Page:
under the yoke of colonial rule.

I looked out the window as I wept,

and I could see that the hills and rivers

were weeping

even more sorrowfully than I was.

I saw with my own eyes the tears

flowing from the grass and trees.

Upon seeing this vision, I said, "I promise

to the hills and streams of my homeland

that I will return, carrying with me

the liberation of my homeland.

So, don't cry, but wait for me."


I boarded the Busan

to Shimonoseki ferry at two o'clock

in the morning on April 1.

There was a strong wind that night,

but I could not leave the deck.

I stayed there

watching as the lights of Busan

became more and more distant.

I stayed on deck until morning.

On arriving in Tokyo,

I entered Waseda Koutou Kougakko,

a technical engineering school

affiliated with Waseda University.

I studied in

the Electrical Engineering Department.

I chose electrical engineering

because I felt I could not

establish a new religious philosophy

without knowing modern engineering.


(Page 67)


The invisible world of mathematics

has something in common with religion.

To do something great,

a person needs to excel

in powers of reasoning.

Perhaps because of my large head,

I was good at mathematics

that others found difficult,

and I enjoyed studying it.

My head was so large

it was difficult to find hats that fit.

I had to go to the factory twice

to have a hat tailor-made for me.

The size of my head

may also have something to do with

my ability to focus on something

and finish relatively quickly

what might take others several years

to complete.


During my studies in Japan,

I peppered my teachers with questions,

just as I had in Korea.

Once I began asking questions,

I would continue and continue.

Some teachers would pretend not to see me

and simply ignore me when I asked,

"What do you think about this?"

If I had any doubts about something,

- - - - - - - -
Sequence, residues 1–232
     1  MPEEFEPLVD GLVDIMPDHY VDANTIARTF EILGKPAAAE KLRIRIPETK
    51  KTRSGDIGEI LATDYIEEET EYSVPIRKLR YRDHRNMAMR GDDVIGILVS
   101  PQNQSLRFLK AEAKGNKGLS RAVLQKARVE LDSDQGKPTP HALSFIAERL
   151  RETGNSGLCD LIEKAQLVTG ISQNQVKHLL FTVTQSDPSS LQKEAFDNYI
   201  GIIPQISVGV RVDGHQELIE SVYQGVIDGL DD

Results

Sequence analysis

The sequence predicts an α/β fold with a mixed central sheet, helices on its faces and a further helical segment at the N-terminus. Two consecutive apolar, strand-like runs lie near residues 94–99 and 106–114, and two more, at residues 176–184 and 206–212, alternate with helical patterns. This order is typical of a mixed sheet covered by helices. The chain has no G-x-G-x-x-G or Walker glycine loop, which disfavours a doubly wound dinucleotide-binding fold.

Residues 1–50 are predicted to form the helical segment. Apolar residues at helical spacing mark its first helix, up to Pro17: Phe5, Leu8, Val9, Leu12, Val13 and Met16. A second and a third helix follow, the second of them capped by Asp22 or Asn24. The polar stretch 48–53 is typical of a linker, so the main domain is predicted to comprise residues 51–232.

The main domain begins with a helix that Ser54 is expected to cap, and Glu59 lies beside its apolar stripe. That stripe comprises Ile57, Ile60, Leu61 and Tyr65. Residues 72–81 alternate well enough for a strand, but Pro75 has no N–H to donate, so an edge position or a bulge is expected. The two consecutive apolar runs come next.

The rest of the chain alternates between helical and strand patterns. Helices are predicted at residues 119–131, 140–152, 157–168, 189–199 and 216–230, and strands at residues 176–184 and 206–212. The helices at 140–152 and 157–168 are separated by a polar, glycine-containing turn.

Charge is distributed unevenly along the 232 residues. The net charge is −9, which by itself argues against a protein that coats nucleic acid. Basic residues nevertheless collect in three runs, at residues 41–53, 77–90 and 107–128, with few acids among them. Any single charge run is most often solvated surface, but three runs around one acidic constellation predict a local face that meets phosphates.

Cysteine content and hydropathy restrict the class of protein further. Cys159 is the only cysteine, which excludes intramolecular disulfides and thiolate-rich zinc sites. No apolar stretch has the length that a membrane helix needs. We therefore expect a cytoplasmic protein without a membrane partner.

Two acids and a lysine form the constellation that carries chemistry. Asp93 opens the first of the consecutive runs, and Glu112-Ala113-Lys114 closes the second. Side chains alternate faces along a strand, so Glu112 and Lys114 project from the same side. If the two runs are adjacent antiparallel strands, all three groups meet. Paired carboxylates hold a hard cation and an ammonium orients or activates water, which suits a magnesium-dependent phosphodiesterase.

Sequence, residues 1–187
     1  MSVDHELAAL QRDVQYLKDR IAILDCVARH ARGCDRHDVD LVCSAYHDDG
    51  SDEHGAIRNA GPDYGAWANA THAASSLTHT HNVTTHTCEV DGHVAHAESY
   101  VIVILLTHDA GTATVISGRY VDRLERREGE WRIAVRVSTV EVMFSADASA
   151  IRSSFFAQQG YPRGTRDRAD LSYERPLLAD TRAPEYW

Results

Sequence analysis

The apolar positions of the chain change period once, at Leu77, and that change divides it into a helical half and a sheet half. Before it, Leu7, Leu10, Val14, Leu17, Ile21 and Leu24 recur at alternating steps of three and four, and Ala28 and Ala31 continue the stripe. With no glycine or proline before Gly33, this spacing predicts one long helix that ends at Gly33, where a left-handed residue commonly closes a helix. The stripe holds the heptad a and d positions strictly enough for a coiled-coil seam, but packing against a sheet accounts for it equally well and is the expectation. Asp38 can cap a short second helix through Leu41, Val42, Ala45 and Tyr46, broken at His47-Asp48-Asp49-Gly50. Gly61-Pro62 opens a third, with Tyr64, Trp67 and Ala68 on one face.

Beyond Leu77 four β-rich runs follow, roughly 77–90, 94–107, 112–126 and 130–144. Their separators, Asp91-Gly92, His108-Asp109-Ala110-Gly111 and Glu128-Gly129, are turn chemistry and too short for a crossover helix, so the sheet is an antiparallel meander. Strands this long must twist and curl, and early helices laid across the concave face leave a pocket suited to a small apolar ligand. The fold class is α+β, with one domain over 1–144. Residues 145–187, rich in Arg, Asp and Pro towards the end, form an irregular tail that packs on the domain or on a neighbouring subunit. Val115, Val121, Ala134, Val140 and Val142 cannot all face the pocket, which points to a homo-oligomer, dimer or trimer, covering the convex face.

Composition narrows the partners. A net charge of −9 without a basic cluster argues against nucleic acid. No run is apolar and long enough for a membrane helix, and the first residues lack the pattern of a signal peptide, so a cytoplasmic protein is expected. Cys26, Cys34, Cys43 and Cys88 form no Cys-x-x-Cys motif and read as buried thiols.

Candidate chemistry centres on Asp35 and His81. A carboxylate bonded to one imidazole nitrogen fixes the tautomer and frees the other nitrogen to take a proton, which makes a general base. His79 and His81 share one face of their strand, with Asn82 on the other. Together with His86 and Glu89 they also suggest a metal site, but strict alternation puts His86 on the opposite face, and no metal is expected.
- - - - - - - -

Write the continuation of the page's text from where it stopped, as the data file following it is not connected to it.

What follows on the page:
I couldn't be satisfied until

I had pursued the matter

all the way to the root.

I wasn't deliberately trying

to embarrass my teachers.

I felt that,

if I were going to study a subject,

I should study it completely.


On my desk in the boarding house,

I always had three Bibles

lying open side by side.

One was in Korean,

one in Japanese, and one in English.

I would read the same passages 

in three languages again and again.

Each time I read a passage,

I would underline verses

and make notes in the margins

until the pages of my Bible

became stained with black ink

and difficult to read.


Soon after school began,

I attended an event held by

the Association of Korean Students

to welcome

new students from our country.

There I sang a song from our homeland

with great fervor,

showing everyone my love for my country.

The Japanese police were in attendance,

and this was a time when Koreans

were expected to assimilate themselves

into Japanese culture.


I sang the Korean song with pride.


(Page 68)


Duk Mun Eom, who had entered

the Department of Agriculture that year,

was deeply moved to hear me sing this song,

and we became lifelong friends.


During this time, Korean students

who were enrolled in various schools

in the Tokyo area,

had formed an underground

independence movement.

This was only natural,

as our homeland was groaning in agony

under Japanese colonial rule.


The movement grew in response

to what the Japanese called

"The Great East Asian War (1937-1945).

As the war intensified, Tokyo began

conscripting Korean students

as 'student soldiers'

and sending them to the front.

The work of the underground

independence movement

was spurred on by such moves.

We had extensive debates

on what to do about Hirohito,

the Japanese emperor.

I took on

a major position in the movement.

It involved working in close relationship

with the Republic of Korea

Provisional Government, located

in Shanghai and headed by Kim Gu.

My responsibilities in this position

could have required me to give up my life.

I did not hesitate, though,

because I felt that,

if I died, it would have been

for a righteous cause.


There was a police station

beside Waseda University.

The Japanese police got wind

of my work

and kept a sharp eye on me.

The police always knew

when I was about to return home

to Korea

during school vacation,

and would follow me to the dock

to make sure I left.

I cannot even remember

the number of times

I was taken into custody by the police,

beaten, tortured and locked in a cell.

Even under the worst torture, however,

I refused

to give them the information they sought.


The more they beat me, the bolder I became.

Once I had a fight on the Yotsugawa Bridge

with police who were chasing me.

I ripped out a piece of the bridge railing

and used it as a weapon in the fight.

In those days, I was a ball of fire.




Befriending Laborers

by Sharing Their Suffering


(Page 69)


Just as I had done in Seoul,

I made it a point

to go everywhere in Tokyo.

When my friends would go to places

such as Nikko

to see the beautiful scenery,

I would prefer to stay behind and walk

through the neighborhoods of Tokyo.

I found that it was a city